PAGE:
Friday 17 November 2017

It's all in the game... American football returns to Dublin

American college football returns next year, but there will be more going on off the field with a huge opportunity for Irish firms

Boston College Eagles, who will attract around 20,000 Americans when they arrive in Dublin next year.
Boston College Eagles, who will attract around 20,000 Americans when they arrive in Dublin next year.
Stephen Kavanagh, CEO Aer Lingus, Brad Bates, Boston College Director of Athletics and Glen Dimplex Chairman Neil Naughton, at Boston College's Alumni Stadium.
Peter Flanagan

Peter Flanagan

Florida State Quarterback Everett Golson stood back in the shotgun and took the snap. He surveyed the field and, in the face of fierce pressure from the Boston College defence, found his receiver for the touchdown.

The 44,500 seat Boston College Alumni Stadium went quiet, and the ESPN cameras panned across a chastened crowd.

What the cameras didn't see were the businessmen and women in the corporate boxes. This may have been a college event, but it is every bit as important from a business perspective as any of the big international events we get in Ireland.

In short, US college football is very big business, and it's coming back to Dublin next year.

College football has featured in Ireland on and off since the 1980s, but it moved up a gear in 2012 when Notre Dame played Navy in the Aviva Stadium. Two years later Penn State took on the University of Central Florida in Croke Park. And next year Boston College will host Georgia Tech University at the Aviva.

But the 'Aer Lingus College Football Classic' - as the match has been titled - will be about much more than just the game. Around 20,000 Americans are expected to travel to Ireland for the match, and many of them will be big hitters in the business and legal world. Their presence here will be a huge opportunity for Irish companies looking to do business in the US, and vice versa.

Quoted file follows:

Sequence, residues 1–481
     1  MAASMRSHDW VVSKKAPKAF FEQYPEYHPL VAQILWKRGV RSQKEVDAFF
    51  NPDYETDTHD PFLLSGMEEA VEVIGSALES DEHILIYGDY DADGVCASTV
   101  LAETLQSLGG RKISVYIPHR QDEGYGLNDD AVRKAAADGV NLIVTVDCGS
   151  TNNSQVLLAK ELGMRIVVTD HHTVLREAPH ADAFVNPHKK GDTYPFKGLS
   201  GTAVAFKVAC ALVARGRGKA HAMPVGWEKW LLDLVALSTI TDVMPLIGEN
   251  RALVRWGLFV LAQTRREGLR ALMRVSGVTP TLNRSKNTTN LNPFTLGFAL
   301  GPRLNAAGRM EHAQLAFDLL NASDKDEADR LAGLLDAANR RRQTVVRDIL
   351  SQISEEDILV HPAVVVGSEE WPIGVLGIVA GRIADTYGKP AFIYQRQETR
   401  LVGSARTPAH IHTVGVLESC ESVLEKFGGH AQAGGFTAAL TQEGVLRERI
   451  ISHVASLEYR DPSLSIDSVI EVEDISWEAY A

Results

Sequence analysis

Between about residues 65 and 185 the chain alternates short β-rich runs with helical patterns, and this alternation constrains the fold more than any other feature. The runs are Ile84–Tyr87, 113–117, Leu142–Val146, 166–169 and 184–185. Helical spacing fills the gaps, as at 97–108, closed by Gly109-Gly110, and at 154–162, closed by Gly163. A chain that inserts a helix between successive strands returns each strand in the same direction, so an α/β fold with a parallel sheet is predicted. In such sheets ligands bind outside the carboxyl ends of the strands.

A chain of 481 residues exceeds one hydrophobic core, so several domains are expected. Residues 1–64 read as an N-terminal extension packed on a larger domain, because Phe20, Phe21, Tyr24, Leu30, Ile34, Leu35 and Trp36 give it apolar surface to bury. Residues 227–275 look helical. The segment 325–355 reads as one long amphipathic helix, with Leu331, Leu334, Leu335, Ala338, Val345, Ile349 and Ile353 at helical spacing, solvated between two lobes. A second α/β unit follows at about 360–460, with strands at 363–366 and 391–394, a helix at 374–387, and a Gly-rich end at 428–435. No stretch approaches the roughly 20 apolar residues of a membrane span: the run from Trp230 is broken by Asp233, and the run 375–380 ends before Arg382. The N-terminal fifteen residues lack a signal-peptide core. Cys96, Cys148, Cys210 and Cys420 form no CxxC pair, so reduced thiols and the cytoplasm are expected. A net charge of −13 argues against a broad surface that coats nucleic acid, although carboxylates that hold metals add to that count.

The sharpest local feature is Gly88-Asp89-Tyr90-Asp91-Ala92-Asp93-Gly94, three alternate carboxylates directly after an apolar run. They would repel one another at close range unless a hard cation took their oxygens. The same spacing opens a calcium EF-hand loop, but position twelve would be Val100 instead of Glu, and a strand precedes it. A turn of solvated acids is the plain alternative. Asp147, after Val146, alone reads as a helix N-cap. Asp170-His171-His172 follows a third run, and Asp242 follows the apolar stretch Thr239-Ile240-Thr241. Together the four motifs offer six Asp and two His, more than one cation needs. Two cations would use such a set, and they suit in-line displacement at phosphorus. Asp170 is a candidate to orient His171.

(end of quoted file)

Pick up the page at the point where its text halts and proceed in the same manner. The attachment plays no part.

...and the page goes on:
Event organiser Padraig O'Kane, of Irish American Events, believes the match will open doors to the US business community, but warns it cannot be wasted.

"Part of bringing a game to Ireland is you have to encourage people from the C-suite to sign on for travel and hospitality packs and once we get them on board we have to do really good events that will work within Ireland and outside it..

"If they come over, they can also bring the board of their companies, and have the board meeting that week in Dublin.

"We have planned a dinner in Dublin with 400 invited guests from business and Government. The idea with that is that American and Irish people from, say, the pharmaceutical sector, sit together and go to the match together.

"Now it's up to both the Irish and Americans if they want to do business, but by getting them into the room together, guys will have opportunities that they could not get otherwise," Mr O'Kane says.

The benefit of an event such as this goes way beyond just the match. The Notre Dame / Navy game is said to have been worth €85m to the economy, but Mr O'Kane is adamant the benefits are still being felt today. Glen Dimplex chairman Neil Naughton agrees.

He is chairing the steering committee for the events around the match and he makes clear that wile there will be cultural and academic initiatives, it is commerce that will be the focus of outside events.

"We are in talks for the Boston College CEO club to hold its monthly meeting in Dublin to coincide with the match, as well as hosting dinners and other business group meetings that will take place here at the same time. These are the meetings that would never take place without the game."

He's right. The CEO club boasts, an array of 'A list' executives, from Uber boss Travis Kalanick to Conoco Phillips chairman and CEO Ryan Lance and everyone in between. If the CEO club has its meeting here, it will be an enormous coup for the organisers.

The match is being sponsored by Aer Lingus and considering the 20,000 travelling from the US to Ireland it's probably a no-brainer that the airline is involved. CEO Stephen Kavanagh doesn't hesitate to admit that, but sees it as a huge opportunity for both Aer Lingus and the wider Irish business community.

"An event like this is good for business for us but it also will forge closer ties in terms of culture and for commerce on both sides of the Atlantic.

"One of the big things for us is that Aer Lingus now offers a jumping-off point to the rest of Europe through our route network, so it is very much in our interest to have our name attached to the game and to have people come over on the back of it," he says.

For the College Football Classic to be a success, it needs 20,000 to sign up to packages such as those available on the event website,

But for the rest of the country, success will likely go much deeper than that. The Department of Foreign Affairs has been fully on board with the event, as have Tourism Ireland and Dublin City Council. While the IDA and Enterprise Ireland have been a little slower to join the party, there is an opportunity for the business community to get in front of potential investors. It is really up to them to take advantage of it.

Irish Independent

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